In Thirst for Love, Japan's greatest modern writer created a portrait of sexual torment and corrosive jealousy that is as delicately nuanced as Madame Bovary and as remorseless asJustine. Yukio Mishima's protagonist is Etsuko, whose philandering husband has died horribly from typhoid. The young widow moves into the household of her father-in-law, where she numbly submits to the old man's advances.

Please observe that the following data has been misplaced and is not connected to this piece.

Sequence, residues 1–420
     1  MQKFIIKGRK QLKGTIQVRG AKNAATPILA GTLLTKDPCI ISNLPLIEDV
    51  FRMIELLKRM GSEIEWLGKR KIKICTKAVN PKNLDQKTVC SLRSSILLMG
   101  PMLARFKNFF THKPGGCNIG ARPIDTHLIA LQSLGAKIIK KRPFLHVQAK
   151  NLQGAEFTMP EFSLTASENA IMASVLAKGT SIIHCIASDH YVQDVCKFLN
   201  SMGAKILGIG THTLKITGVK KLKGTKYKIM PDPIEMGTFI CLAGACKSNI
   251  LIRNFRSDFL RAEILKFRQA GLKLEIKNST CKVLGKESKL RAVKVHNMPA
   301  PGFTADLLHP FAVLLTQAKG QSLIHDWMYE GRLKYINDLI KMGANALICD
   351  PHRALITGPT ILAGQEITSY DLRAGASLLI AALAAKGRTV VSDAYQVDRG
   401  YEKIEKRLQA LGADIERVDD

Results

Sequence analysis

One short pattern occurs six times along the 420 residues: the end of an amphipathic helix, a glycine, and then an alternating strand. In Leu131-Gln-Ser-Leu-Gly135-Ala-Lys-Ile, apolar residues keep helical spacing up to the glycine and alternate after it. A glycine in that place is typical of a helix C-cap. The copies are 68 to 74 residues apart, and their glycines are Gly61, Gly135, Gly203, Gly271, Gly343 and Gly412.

But soon Etsuko falls in love with the young servant, Saburo. Tormented by his indifference yet invigorated by her anguish, she makes one last, catastrophic bid for his attention. Stunningly acute in its perceptions, excruciating in its psychological suspense, Thirst for Love is a triumph of eroticism, terror, and compassion.